Bernie Sanders calling out Amazon for immoral business practices

Amazon’s founder Jeff Bezos has grown his company from a basement operation to the largest online retail conglomerate of all-time – but at what cost?

Recently, Bezos and Co. have been under scrutiny from the public due to paying their low-level employees what has been described as unlivable wages amidst poor working conditions.

Amazon employee working conditionsWhile a struggle between Amazon and their low-level employees has gone on for a while, Vermont Senator Bernie Sanders recently called out Amazon for immoral business practices and has urged Americans to do their shopping elsewhere.

After a struggle with the Disney Company saw Sanders and his supporters fight for raised wages for Disney Resort employees, Disney agreed to raise their base wages from $11 to $15 an hour, showing the kind of power Sanders and his following have.

On Monday Aug. 27, Sanders tweeted:

“New data shows one in three Amazon employees in Arizona are on food stamps. It is completely unacceptable that ordinary Americans should be subsidizing the wealthiest people in the world like Jeff Bezos when they pay their employees such inadequate wages.”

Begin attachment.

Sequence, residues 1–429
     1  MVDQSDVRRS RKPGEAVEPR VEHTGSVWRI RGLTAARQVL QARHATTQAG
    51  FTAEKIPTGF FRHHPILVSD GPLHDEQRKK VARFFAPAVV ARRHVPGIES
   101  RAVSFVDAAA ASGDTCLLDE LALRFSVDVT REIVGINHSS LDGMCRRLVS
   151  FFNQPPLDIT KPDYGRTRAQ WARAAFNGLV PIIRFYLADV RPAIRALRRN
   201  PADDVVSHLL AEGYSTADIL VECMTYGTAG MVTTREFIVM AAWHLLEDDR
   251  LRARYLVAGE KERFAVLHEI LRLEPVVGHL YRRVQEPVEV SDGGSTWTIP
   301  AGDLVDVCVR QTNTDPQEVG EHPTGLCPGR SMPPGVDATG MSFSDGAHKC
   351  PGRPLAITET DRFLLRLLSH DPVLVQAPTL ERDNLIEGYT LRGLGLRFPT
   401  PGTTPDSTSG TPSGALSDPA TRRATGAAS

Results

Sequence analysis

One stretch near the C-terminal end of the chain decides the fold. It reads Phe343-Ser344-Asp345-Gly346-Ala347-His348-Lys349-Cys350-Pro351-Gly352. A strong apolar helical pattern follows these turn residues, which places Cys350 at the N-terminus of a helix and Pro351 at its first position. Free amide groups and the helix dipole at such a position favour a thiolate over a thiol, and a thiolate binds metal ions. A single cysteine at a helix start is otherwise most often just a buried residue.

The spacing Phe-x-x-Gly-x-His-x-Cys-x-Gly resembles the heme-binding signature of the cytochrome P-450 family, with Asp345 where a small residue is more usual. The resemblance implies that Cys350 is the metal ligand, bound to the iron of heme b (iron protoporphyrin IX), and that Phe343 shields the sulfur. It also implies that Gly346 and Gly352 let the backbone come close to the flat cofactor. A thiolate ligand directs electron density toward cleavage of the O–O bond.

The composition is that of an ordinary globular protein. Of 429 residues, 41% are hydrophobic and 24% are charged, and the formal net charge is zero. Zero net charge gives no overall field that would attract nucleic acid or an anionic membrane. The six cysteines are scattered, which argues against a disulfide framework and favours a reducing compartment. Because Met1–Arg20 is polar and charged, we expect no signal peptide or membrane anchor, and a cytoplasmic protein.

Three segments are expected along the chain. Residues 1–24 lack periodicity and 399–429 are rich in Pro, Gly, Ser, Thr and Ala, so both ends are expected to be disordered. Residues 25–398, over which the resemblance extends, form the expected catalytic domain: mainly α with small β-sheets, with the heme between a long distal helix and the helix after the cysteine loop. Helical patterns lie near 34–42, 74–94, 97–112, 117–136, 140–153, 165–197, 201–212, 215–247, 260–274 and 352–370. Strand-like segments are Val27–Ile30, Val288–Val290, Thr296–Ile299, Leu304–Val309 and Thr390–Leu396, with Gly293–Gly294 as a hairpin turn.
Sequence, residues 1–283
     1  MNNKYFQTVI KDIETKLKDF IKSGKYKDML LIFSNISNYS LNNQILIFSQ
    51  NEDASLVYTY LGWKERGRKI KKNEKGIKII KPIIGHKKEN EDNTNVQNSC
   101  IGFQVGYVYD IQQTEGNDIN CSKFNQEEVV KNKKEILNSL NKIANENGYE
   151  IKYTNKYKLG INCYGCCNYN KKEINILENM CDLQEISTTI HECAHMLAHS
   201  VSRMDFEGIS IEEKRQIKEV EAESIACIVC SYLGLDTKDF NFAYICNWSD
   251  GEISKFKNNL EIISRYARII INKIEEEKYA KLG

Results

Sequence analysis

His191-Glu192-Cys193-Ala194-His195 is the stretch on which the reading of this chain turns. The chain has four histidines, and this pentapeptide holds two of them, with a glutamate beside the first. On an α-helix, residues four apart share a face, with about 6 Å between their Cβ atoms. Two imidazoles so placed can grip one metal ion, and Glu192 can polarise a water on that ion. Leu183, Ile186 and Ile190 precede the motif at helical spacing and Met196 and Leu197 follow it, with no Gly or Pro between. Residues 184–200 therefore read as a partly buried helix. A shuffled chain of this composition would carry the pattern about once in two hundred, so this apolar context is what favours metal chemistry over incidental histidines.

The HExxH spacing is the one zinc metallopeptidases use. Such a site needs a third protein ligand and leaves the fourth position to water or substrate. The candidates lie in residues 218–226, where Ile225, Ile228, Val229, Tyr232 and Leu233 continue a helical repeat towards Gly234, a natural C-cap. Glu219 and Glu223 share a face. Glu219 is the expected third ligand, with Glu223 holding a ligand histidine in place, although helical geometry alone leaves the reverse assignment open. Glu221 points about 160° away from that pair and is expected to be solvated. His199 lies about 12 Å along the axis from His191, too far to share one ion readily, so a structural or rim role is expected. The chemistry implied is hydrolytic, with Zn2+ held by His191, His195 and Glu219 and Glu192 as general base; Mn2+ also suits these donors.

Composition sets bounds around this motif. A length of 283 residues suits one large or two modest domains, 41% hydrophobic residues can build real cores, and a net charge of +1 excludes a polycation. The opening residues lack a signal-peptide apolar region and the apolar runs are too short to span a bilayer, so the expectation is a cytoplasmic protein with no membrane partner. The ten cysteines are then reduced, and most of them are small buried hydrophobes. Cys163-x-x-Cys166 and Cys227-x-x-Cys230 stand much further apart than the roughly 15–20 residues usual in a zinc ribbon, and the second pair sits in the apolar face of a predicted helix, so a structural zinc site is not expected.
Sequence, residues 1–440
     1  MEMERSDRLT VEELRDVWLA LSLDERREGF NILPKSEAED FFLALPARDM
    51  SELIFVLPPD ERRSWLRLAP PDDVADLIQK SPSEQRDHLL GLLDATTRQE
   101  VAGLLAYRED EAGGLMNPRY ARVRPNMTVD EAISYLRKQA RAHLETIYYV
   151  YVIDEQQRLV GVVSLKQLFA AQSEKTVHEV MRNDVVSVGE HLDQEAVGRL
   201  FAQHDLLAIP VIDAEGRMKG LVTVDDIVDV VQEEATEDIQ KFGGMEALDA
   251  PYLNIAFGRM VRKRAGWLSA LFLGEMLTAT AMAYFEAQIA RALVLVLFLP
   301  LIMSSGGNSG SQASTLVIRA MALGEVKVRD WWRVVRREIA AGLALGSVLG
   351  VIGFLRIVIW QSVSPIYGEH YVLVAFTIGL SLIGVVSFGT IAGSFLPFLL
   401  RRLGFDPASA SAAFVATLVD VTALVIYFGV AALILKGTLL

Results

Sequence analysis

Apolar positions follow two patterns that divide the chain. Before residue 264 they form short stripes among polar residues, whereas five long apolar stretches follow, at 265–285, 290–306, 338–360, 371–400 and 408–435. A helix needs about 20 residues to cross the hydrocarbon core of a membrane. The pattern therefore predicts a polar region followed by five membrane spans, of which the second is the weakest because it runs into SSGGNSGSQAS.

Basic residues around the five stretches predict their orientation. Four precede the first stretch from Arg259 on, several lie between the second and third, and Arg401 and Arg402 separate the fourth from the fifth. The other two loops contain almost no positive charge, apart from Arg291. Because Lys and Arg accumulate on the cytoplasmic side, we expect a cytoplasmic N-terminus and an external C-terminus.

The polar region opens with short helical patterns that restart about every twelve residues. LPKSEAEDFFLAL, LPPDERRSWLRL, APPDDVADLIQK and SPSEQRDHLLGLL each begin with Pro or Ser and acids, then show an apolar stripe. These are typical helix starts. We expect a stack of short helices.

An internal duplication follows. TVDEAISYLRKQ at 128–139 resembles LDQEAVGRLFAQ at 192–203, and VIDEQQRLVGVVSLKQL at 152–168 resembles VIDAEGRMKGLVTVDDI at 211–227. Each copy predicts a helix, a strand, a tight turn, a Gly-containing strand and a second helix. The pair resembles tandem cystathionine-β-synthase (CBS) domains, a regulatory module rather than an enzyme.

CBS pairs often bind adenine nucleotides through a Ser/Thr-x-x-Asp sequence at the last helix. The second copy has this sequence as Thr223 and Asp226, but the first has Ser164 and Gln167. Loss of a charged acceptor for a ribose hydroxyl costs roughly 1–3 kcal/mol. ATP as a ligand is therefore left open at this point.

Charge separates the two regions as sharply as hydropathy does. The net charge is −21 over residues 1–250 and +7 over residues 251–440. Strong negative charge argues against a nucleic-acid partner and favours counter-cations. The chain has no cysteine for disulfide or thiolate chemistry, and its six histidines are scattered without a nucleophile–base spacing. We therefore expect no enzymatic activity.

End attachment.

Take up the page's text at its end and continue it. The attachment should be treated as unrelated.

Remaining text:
Soon after the tweet, Sanders began to take action, sending a email to his supporters in asking them to cease shopping at Amazon and sign a petition that will force the company to improve their working conditions across the board.

“I want to ask you to clear your mind for a moment and count to 10,” Sanders email reads. “In those 10 seconds, Jeff Bezos, the owner and founder of Amazon, made more money than the median employee of Amazon makes in an entire year. An entire year. Think about that.”

His email even went as far as accusing Bezos of possessing “greed which seems to have no end.”

Sanders petition has already received over 120,000 signatures with more surely on the way, and additionally asked Amazon employees who “used public assistance, such as food stamps, Medicaid or subsidized housing, in order to make ends meet,” to come forward and share their plight with the public.